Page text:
SMALL FINANCE BANKS – THE JOURNEY SO FAR AND WHAT LIES AHEAD

It is now over four years since the RBI issued licenses to 10 financial institutions to set up Small Finance Banks (SFBs) with the objective to provide financial services to sections of the economy not being served by other banks, such as small business units, small and marginal farmers, micro and small industries and unorganised sector entities. Of the 10, 8 were Microfinance Institutions, most of which have either completed or are close to completing three years of operations as SFBs. For most SFBs however, the portfolio continues to be dominated by microfinance loans and the share of retail liabilities is low. By September this year, all SFBs had been granted scheduled status by the RBI. Meanwhile, the RBI also released the draft guidelines for on tap licensing of SFBs, raising the expectations of MFIs and NBFCs for the next level of transformation into banking institutions.

The session provided an opportunity to review the extent to which this new set of differentiated banks have succeeded in achieving the objective of financial inclusion so far, and discussed operational, structural and regulatory challenges faced by them as they transformed themselves from largely mono- line asset backed revenue businesses to a diversified asset and liability backed profitable businesses. The session discussed various aspects of providing an enabling and supportive framework to SFBs for them to realize the potential of transforming into the bankers to the last mile, and also highlighted lessons learnt for financial institutions aspiring to be SFBs in future.

TEJI0553Key Takeaways

  • The transition journey to SFBs from MFIs was marked with challenges with the highest priority being to build trust among customers, market players and investors that MFIs can indeed be “banks” who have the intent to be in the financial system for long run as true “Banks”.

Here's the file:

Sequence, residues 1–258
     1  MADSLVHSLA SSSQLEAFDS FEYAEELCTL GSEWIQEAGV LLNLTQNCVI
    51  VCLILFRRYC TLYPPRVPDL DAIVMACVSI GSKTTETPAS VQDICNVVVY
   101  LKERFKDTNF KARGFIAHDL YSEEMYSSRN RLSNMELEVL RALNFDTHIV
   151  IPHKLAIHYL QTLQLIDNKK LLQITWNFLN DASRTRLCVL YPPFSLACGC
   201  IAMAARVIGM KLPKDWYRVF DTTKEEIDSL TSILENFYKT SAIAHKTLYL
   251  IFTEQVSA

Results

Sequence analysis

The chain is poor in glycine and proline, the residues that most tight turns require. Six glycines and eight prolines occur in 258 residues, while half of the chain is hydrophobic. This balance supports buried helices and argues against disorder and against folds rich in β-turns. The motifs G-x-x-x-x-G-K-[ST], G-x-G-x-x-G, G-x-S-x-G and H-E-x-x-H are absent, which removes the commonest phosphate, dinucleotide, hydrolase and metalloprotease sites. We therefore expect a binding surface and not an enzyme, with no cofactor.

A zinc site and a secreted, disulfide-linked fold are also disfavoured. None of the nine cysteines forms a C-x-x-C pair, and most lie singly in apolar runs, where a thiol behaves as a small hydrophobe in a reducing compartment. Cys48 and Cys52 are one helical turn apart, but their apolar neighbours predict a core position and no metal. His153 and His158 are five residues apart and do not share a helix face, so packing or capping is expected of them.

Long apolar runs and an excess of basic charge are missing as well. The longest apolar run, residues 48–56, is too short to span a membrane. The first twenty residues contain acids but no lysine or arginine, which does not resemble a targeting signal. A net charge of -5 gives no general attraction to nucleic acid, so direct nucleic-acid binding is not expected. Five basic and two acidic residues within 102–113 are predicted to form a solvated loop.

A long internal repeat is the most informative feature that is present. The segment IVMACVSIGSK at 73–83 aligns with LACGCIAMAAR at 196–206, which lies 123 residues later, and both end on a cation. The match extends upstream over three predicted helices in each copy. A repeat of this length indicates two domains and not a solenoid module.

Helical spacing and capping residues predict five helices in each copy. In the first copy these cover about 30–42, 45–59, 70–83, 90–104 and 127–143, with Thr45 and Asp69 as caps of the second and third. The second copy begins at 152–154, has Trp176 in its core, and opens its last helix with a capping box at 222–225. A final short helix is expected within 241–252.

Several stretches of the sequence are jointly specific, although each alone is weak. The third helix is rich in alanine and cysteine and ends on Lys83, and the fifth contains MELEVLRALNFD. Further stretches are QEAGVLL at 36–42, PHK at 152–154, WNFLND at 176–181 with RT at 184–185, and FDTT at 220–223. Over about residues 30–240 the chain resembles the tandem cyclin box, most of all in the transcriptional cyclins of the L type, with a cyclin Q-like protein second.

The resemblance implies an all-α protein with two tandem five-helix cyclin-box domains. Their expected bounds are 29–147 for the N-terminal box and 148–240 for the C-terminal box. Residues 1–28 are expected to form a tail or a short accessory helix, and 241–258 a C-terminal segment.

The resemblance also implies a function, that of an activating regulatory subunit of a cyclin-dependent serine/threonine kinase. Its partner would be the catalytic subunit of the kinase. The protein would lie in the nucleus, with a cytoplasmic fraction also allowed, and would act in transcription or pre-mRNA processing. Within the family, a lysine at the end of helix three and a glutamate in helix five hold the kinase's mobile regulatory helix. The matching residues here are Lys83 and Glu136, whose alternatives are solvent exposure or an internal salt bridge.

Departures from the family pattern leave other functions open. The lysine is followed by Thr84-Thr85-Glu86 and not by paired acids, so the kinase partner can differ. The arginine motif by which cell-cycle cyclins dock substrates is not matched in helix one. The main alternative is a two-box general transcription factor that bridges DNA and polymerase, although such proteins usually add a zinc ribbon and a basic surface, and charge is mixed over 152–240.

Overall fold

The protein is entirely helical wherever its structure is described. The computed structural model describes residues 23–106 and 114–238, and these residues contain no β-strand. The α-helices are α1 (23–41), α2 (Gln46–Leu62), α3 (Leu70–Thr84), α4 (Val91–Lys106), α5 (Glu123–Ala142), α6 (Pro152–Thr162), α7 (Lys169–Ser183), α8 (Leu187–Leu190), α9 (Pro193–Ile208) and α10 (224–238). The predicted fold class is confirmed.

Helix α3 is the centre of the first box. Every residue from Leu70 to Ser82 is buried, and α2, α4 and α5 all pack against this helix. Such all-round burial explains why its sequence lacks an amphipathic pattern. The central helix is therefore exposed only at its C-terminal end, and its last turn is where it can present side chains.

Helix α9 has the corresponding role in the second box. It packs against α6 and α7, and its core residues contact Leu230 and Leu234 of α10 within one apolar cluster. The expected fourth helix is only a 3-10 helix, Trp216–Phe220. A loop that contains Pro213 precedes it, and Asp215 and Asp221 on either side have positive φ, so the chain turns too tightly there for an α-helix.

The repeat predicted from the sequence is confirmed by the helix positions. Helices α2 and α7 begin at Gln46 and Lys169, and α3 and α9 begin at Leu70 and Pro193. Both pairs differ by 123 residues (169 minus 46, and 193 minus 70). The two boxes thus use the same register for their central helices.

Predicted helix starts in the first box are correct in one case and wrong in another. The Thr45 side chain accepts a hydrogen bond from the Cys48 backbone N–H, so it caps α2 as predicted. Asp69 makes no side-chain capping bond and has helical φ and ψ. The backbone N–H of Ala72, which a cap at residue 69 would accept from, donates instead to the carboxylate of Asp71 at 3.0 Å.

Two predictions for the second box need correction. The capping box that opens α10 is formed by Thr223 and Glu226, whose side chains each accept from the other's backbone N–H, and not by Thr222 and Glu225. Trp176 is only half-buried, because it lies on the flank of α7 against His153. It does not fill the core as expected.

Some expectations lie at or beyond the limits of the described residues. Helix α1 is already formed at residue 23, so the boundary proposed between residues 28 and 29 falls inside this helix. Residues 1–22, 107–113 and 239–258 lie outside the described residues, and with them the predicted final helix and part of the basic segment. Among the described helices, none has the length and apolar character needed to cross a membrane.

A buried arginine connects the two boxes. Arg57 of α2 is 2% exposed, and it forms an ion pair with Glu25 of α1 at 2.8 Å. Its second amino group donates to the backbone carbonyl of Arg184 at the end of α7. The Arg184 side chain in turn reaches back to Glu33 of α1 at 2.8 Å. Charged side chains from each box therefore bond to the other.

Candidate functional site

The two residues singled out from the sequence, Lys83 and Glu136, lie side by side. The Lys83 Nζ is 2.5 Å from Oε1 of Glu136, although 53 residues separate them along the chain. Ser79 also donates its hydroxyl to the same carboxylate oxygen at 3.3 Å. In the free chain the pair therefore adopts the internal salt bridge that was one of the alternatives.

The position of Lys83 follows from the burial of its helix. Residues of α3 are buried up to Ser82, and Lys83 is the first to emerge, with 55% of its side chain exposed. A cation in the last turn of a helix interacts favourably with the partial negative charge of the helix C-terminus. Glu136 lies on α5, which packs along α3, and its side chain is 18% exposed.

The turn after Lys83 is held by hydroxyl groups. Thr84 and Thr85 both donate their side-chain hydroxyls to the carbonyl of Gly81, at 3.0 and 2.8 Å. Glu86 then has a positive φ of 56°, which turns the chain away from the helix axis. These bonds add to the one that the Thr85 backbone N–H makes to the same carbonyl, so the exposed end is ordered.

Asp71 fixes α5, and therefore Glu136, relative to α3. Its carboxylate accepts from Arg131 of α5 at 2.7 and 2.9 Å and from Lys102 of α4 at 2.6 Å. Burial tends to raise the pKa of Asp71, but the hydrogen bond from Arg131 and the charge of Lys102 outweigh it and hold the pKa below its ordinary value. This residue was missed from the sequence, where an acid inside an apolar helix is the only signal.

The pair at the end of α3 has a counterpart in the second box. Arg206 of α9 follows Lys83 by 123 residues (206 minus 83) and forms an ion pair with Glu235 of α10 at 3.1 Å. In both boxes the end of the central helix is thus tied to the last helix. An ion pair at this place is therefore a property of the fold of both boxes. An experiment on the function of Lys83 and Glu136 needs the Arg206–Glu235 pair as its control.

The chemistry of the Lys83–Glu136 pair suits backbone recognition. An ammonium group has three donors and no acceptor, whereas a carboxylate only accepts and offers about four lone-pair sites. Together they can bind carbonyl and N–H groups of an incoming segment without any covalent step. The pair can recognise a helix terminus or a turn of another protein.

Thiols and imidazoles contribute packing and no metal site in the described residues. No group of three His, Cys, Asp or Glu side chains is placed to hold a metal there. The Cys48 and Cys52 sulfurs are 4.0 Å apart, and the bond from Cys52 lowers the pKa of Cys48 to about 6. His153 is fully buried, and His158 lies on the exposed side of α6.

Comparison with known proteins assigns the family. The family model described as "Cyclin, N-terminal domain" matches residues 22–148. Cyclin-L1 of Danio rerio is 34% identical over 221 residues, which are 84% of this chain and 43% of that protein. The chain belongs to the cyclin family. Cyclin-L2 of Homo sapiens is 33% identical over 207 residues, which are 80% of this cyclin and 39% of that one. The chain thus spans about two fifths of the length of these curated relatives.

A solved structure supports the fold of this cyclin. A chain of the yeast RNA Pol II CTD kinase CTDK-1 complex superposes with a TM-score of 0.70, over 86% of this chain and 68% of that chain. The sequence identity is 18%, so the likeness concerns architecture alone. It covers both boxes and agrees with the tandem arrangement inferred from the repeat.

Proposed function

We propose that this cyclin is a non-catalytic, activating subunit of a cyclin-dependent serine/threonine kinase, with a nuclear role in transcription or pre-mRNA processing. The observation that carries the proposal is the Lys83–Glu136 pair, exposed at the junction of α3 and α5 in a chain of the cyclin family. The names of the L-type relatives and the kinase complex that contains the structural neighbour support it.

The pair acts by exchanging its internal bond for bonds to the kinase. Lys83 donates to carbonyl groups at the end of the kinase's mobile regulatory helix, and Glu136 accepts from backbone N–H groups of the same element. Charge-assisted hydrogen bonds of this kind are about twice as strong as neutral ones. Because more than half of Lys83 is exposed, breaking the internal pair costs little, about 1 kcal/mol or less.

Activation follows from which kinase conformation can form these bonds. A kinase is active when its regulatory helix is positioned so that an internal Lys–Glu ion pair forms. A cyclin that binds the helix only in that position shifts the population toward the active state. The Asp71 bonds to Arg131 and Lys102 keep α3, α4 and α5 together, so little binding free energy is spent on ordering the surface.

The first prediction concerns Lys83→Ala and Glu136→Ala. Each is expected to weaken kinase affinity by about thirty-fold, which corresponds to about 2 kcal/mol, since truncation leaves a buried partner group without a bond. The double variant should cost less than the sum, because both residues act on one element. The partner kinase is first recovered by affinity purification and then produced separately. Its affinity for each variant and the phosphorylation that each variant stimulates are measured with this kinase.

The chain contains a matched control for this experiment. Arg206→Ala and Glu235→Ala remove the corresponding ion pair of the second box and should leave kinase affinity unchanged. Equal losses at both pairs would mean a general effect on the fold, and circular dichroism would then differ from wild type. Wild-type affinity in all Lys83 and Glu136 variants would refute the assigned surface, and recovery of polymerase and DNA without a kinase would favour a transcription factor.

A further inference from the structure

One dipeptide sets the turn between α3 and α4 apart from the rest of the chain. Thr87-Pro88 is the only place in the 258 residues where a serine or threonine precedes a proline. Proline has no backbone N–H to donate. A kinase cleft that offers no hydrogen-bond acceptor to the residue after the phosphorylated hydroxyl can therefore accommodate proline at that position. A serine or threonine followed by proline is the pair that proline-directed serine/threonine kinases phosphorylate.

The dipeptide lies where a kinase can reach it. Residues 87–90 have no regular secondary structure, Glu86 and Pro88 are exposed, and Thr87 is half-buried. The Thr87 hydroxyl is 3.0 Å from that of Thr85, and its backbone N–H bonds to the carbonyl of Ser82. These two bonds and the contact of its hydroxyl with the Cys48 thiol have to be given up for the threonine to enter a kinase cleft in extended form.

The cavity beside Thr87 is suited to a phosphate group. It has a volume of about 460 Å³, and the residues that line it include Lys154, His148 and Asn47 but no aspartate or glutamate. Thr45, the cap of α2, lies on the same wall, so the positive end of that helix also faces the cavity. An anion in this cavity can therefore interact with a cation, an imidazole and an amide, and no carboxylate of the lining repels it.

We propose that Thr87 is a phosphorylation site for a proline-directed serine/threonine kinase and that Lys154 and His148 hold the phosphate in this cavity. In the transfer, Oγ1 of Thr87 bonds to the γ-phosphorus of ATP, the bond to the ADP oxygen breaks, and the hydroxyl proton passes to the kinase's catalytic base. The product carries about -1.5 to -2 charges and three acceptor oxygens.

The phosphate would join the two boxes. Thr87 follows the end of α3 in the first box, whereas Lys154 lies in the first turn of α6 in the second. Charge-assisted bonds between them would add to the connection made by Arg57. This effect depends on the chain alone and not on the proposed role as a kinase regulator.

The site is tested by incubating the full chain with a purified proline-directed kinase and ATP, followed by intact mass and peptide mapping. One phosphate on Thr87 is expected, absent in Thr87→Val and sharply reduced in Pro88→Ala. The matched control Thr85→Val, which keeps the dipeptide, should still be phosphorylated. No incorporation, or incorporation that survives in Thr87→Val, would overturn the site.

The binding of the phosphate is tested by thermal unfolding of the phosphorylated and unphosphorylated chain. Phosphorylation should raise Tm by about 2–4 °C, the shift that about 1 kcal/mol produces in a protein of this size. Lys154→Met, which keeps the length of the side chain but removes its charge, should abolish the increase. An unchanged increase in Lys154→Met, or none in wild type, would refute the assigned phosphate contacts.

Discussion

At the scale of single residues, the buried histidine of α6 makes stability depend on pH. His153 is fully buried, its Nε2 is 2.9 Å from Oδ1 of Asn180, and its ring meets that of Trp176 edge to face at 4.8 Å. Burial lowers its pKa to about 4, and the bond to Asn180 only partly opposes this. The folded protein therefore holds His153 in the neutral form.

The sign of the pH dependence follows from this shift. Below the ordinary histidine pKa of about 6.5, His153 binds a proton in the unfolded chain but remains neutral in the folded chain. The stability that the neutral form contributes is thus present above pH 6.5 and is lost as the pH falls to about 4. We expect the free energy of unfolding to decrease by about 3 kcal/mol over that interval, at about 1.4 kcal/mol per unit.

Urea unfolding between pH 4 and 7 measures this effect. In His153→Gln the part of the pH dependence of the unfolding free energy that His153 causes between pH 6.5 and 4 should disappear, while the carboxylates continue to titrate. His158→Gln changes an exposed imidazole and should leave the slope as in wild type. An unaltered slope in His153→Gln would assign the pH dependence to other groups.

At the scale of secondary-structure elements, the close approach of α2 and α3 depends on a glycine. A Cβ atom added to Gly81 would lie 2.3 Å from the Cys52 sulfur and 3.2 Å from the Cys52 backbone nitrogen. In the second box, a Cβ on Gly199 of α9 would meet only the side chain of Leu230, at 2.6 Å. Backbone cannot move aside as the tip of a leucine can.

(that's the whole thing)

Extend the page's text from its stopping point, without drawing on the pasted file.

• Of the various challenges faced, compliance challenge was the most critical as senior management time was primarily devoted to dealing with compliance adherence. Others include developing a truly granular liability franchise and diversifying asset line by venturing into new but related business verticals. On the regulatory front, meeting the requirements of dilution of shareholding and public listing remain an on-going concern.
  • SFBs have tackled the challenges of building liability by mobilizing wholesale deposits to begin with, while the intent and long term vision continues to be have retail liability base. Similarly, diversifying to new asset classes required setting up a strong team, integrating the team into the culture and investing in the right technology.
  • At a steady state, the liability business built up will be largely retail driven and deposit sizes will be small, however, the volume of transaction will be very high. To manage high volumes on liability side on a base that is built up on smaller deposit size, keeping costs under control while delivering the services is critical. Cost efficiency can be achieved through investment in innovative technology. Strengthening SFB’s readiness to manage volumes and diversity of services will need prudent investment in technology.
  • SFBs have emerged as an investible asset class for mainstream capital market investors.
  • Investor community has set higher benchmarks for SFBs on metrics to track return on investment compared to the private sector banks. Key strengths that have made SFB a lucrative proposition to invest in is largely driven by high standards of governance, strong grasp and understanding of customer and continued focus on vision of creating impact at scale.
  • Quality of service and ability to provide door step service is critical for SFBs to claim and retain market share.
  • Compliance adherence is at times, significantly more for SFBs than regular mainstream banks. Increased compliance and regulatory requirements for SFBs helps build trust. Since regulator’s prime responsibility is to protect the interest of depositors, SFBs attracted greater vigil and supervision given that they are new to the system.
  • Moreover, it is considered prudent to undergo the rigor of adhering to increased scrutiny and compliance. It builds a culture of trust with the regulator, investors and customers.
  • To build a resilient SFB ecosystem, it is important to build trust and building trust will need the effort to build a culture around transparency and highest standards of governance. Compliance helps in achieving those standards till they become part of organizational culture.

Published by

Inclusive Finance India Summit

Inclusive Finance India is a global policy platform on financial Inclusion setup with the objective of enabling cross-pollination of best practices and breakthroughs,specifically to influence India’s Financial Inclusion strategy and campaign. Recognizing the need and to support this cause, ACCESS has been organizing “The Inclusive Finance Summit” since 2004. This year the Summit is being held on January 18 - 19, 2021 in New Delhi.

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